In 1963, a 26 year-old student from Cornell and an ex-Navy man, Thomas Pynchon, published a book called “V.” The book displayed a remarkable knowledge of pop culture, history, science, with a quest at the center of the novel, a man named Herbert Stencil searching for the true identity of a mysterious woman known only as V. V takes many shapes during the novel, but she is never found. The very notion of a character named V could be what Alfred Hitchcock called the “MacGuffin” in his films. A MacGuffin is an object or person that propels the plot forward but is often dropped by the climax.
One noticeable missing detail was the author’s photo. Pynchon has remained anonymous ever since, with no current photographs and no interviews, though he did lend his voice to a “Simpsons” episode where the elusive author appears with a bag over his head. Pynchon also voiced a commercial for his detective novel, “Inherent Vice” (2009). In trying to avoid publicity, Thomas Pynchon has become even more famous over the years.
Part of Pynchon’s reputation is what followed “V.” There was a short novel, “The Crying of Lot 49” (1966), with a signature Pynchon theme of paranoia and secret societies. The heroine, Oedipa Maas, searches for an underground postal system using its own counterfeit stamps, but the search only reveals that Oedipa has either stumbled onto a secret world of assassins or she is delusional.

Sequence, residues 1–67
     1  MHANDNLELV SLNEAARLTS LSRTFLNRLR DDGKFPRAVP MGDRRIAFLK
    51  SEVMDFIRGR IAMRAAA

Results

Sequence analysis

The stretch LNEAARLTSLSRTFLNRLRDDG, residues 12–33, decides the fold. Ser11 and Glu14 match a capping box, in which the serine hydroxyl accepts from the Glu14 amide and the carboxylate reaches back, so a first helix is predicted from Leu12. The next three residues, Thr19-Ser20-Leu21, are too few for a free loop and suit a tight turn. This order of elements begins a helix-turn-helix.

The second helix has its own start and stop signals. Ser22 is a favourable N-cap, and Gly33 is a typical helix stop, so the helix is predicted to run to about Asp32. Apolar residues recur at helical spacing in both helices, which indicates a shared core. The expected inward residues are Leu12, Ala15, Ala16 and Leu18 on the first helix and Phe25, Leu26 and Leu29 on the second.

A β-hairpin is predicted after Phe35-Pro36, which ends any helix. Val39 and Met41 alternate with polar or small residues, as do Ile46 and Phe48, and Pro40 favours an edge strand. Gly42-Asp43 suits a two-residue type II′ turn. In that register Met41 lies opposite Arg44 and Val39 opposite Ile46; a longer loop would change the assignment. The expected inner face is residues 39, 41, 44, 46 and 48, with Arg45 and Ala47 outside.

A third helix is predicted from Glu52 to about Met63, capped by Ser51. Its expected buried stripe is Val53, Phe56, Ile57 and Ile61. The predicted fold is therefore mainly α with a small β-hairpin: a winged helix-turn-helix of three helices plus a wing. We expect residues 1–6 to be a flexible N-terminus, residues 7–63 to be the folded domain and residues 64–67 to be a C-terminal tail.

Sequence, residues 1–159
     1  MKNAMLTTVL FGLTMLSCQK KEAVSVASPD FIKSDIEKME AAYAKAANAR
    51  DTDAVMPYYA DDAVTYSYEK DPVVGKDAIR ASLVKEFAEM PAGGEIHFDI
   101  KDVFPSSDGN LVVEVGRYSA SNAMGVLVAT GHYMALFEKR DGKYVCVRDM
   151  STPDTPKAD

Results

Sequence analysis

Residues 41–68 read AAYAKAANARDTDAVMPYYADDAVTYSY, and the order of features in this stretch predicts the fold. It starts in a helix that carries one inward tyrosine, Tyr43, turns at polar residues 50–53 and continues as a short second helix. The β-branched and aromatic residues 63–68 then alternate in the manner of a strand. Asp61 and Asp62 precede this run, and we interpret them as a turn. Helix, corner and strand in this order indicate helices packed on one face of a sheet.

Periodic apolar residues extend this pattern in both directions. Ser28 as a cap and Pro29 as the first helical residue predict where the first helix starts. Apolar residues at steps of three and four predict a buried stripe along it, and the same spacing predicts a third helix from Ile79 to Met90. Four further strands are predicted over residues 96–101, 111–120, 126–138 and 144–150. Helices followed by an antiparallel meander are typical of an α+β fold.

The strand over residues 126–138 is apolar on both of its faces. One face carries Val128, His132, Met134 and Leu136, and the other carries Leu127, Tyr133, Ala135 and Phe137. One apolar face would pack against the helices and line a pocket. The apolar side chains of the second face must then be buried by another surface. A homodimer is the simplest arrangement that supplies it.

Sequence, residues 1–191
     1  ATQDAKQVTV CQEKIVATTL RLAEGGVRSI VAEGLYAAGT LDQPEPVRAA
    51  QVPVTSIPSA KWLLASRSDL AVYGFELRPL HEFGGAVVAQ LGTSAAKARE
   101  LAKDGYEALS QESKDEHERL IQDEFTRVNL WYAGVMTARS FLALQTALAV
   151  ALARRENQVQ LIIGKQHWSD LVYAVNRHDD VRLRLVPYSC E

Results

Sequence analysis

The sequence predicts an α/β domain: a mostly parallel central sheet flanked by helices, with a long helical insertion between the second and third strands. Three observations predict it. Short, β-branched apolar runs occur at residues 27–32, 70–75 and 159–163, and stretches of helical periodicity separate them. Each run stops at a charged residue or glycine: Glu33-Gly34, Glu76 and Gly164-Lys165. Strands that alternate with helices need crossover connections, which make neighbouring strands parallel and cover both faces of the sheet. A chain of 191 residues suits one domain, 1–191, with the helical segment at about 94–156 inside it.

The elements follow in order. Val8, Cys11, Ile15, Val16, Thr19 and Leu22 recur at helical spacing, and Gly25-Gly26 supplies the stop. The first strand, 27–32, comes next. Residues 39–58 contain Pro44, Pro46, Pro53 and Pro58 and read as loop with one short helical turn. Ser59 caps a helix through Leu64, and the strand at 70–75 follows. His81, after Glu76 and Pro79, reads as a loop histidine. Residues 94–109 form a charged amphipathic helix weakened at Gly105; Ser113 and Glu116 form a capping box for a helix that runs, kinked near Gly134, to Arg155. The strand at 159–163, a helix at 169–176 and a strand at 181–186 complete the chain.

Pynchon’s greatness as an American writer was assured with his complex brilliant novel, “Gravity’s Rainbow” (1973) about World War II and the V2 rocket. The opening sentence, “A screaming comes across the sky,” has entered the list of famous opening lines for a novel. The hero is a paranoid named Tyrone Slothrop who feels he is being stalked by the V2 rocket. The book’s publication became a major literary event. It was supposed to get the Pulitzer Prize, but members of the Princeton board, including Gore Vidal, refused Pynchon the award claiming “Gravity’s Rainbow” was “unreadable and obscene.” Vidal had to know after reading the opening paragraph of “Gravity’s Rainbow” that he was not in Pynchon’s league, but despite Vidal’s criticism, “Gravity’s Rainbow” did receive the National Book Award.
Pynchon’s reputation continued to grow with his ambitious novel, “Mason and Dixon” (1997), about the demarcation of America into the North and South by Charles Mason and Jeremiah Dixon 10 years before the Declaration of Independence. Pynchon wrote the book using 18th century English. Historical and fictional characters appear, including a talking English dog. Mason and Dixon are two of Pynchon’s most human characters. At one point, Dixon, a Quaker, laments that America was the one place they thought they “shouldn’t find slavery.”
On May 8, Pynchon turns 80. Whether or not he has a great novel left is uncertain, but if James Joyce’s “Ulysses” is a landmark novel of the early 20th century, Pynchon’s massive “Gravity’s Rainbow” is an America major epic of the late 20th century.
Happy birthday, TP.
Michael Corrigan graduated from San Francisco State with an MA in English and creative writing. He is a retired instructor of English and speech communications from Idaho State University. He has written several articles for various outlets, including Atticus Literary magazine online.